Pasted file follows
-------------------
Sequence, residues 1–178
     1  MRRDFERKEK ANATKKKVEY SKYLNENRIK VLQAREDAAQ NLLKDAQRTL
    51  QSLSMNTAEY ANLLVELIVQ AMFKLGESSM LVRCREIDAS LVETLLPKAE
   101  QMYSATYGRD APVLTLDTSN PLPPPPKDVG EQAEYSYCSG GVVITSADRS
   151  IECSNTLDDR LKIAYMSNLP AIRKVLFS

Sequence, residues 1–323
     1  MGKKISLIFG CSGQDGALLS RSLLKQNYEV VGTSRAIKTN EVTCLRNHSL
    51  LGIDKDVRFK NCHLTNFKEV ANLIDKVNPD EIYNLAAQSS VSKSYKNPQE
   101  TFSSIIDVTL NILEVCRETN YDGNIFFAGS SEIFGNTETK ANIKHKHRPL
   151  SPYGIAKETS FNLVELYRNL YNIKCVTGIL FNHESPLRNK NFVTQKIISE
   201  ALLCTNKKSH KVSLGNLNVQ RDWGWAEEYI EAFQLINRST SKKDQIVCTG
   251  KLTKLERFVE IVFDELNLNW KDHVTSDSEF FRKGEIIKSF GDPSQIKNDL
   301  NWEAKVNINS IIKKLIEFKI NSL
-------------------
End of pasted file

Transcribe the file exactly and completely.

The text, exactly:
Sequence, residues 1–178
     1  MRRDFERKEK ANATKKKVEY SKYLNENRIK VLQAREDAAQ NLLKDAQRTL
    51  QSLSMNTAEY ANLLVELIVQ AMFKLGESSM LVRCREIDAS LVETLLPKAE
   101  QMYSATYGRD APVLTLDTSN PLPPPPKDVG EQAEYSYCSG GVVITSADRS
   151  IECSNTLDDR LKIAYMSNLP AIRKVLFS

Sequence, residues 1–323
     1  MGKKISLIFG CSGQDGALLS RSLLKQNYEV VGTSRAIKTN EVTCLRNHSL
    51  LGIDKDVRFK NCHLTNFKEV ANLIDKVNPD EIYNLAAQSS VSKSYKNPQE
   101  TFSSIIDVTL NILEVCRETN YDGNIFFAGS SEIFGNTETK ANIKHKHRPL
   151  SPYGIAKETS FNLVELYRNL YNIKCVTGIL FNHESPLRNK NFVTQKIISE
   201  ALLCTNKKSH KVSLGNLNVQ RDWGWAEEYI EAFQLINRST SKKDQIVCTG
   251  KLTKLERFVE IVFDELNLNW KDHVTSDSEF FRKGEIIKSF GDPSQIKNDL
   301  NWEAKVNINS IIKKLIEFKI NSL